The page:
Miami-based Transnational Foods sells quality, low-cost foods nationwide
BY JOSEPH A. MANN JR.
Special to the Miami Herald
CEO Marcelo Young, left, and Francisco Young, the executive VP of Transnational Foods Inc., at their office at 1110 Brickell Ave., Miami, on Dec. 12. Transnational Foods Inc. is a Miami-based company that imports hundreds of food products from 25 countries and distributes them, either under its own brands or private labels, to supermarkets, convenience stores and other retail outlets throughout the United States. PATRICK FARRELL email@example.com
The company and its products: Transnational Foods imports more than 500 lower-priced canned and packaged products from food-processing companies in 25 countries and sells them to supermarket chains, dollar stores and other retailers throughout the U.S. and overseas. Its products — canned fish from Spain, pasta from Mexico, olives from Peru, bouillon cubes from Egypt, freeze-dried fruit snacks from China and hundreds more — typically retail from $1 to $5 per item.
“We offer a comprehensive line of value products in 25 different dry food categories such as baked goods, beverages, canned fruits, vegetables, meats and seafood, as well as olives, pasta, olive oil and others,” said Marcelo Young, Transnational’s founder, president and CEO.
“Our market is any consumer looking for great quality food products at very low prices,” said Young, who was born and raised in Argentina and worked there in the international processed foods industry. “Since we started in 2002, consumers have learned that they could purchase products that weren’t so well known 30-50 percent cheaper than national brands, with similar quality or sometimes even better. This boom of ‘second- tier’ brands and private label products hasn’t stopped. It grew a lot during tough economic times but consumers continue to purchase these items once they’ve tried them because they see the value.”
With distribution centers in Miami and six other cities, privately owned Transnational sells foods under its own brands — Pampa, della Natura, So Natural and Tummy Treats — and packages food for large companies under private labels.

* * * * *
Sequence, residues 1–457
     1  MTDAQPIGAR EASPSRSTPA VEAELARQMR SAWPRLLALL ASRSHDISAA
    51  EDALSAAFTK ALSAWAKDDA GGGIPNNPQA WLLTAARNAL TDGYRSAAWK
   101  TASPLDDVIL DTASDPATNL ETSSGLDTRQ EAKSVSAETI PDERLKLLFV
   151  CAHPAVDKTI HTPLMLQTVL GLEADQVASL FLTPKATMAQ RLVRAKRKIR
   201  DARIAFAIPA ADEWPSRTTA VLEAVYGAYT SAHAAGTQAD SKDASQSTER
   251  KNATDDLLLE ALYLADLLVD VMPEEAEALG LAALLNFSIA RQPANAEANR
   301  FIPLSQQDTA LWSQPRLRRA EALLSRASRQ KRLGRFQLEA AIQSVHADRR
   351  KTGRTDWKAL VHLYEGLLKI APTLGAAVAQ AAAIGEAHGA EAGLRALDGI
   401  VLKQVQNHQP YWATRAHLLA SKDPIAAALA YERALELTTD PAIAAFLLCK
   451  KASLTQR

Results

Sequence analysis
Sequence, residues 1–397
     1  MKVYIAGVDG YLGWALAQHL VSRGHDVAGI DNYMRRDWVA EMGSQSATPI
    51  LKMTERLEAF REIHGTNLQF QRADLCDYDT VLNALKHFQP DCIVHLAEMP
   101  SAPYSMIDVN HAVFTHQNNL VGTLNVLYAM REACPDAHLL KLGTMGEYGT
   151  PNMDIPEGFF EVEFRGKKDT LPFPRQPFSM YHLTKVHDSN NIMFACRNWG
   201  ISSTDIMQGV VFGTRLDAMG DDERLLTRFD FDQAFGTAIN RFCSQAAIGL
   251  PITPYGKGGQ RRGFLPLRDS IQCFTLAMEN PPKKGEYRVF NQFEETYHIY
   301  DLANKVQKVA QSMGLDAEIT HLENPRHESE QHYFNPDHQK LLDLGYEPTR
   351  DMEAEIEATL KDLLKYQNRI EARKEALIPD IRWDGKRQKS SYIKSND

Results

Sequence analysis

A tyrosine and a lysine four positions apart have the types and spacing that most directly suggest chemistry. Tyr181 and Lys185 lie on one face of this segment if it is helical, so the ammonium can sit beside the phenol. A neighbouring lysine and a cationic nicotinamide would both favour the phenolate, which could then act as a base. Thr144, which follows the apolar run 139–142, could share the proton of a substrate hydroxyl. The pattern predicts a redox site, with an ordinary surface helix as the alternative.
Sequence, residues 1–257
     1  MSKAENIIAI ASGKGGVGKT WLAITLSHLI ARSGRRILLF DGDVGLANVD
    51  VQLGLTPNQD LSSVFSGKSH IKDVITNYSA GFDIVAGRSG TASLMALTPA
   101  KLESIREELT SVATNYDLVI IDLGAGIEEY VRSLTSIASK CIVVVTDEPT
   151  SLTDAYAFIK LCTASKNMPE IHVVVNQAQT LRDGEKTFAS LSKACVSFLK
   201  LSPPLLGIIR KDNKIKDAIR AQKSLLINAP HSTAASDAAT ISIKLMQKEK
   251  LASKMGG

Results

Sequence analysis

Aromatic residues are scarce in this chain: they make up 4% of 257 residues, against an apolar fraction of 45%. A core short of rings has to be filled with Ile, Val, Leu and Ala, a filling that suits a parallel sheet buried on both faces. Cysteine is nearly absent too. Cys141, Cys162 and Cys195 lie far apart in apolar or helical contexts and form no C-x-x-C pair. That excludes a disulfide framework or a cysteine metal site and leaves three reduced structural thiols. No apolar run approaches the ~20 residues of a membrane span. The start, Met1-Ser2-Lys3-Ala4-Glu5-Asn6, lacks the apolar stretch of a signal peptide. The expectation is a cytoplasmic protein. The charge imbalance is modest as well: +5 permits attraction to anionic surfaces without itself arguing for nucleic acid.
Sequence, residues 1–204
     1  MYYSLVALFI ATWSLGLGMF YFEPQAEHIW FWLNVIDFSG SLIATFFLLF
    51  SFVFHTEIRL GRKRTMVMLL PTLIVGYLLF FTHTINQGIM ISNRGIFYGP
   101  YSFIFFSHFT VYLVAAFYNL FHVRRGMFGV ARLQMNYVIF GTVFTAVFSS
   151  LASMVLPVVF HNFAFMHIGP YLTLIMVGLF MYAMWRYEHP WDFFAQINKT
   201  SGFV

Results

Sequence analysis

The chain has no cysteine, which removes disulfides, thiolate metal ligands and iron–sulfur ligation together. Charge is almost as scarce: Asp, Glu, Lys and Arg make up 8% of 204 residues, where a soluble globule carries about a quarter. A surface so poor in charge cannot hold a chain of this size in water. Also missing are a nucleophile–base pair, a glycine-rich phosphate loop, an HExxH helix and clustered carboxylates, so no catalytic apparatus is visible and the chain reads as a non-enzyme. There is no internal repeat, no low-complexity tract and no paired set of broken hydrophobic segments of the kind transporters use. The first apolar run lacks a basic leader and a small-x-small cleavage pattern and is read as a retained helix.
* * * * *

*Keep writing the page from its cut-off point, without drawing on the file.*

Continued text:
It sells to companies like Walmart, Safeway, Publix, Dollar Tree, Walgreens, Dollar General, Family Dollar, HEB, Big Lots and others in 50 states, as well as to clients overseas.
“Our main suppliers are located in Mexico, Peru, Spain, Argentina, China, Thailand, India and the U.S.,” Young said. “And our people travel constantly to ensure that each supplier meets the highest quality standards and the specs required by our customers. We’re not just importers.” The company owns shares in some suppliers, so it plays an active role in choosing the agricultural products and overseeing the production, packaging and marketing processes.
Getting started: After working as an executive at Argentina’s largest branded food company, Molinos Río de la Plata, Young saw a big opportunity in the U.S. processed food market, moved to Miami in 2000 and set up Transnational in 2002. “We saw a clear need in the market for the product we were offering: cost competitive and quality food products,” said Young, who runs the company with his brother, Francisco Young, the executive vice president. Supermarkets at the time were brand-conscious, but, “Dollar stores were starting to grow nationwide, offering good quality items and great prices,” the Transnational CEO said. “We saw the opportunity to offer a one-stop-shop for cost competitive and great quality food products.” Getting started was tough. When the company first called on high-end retailers, one buyer said they only purchase well-known brands. “We don’t hear that anymore,” Young said. “Supermarkets have realized that consumers demand value items and competitive prices. After 14 years, our Pampa brand is now well known and recognized for great price/quality products.”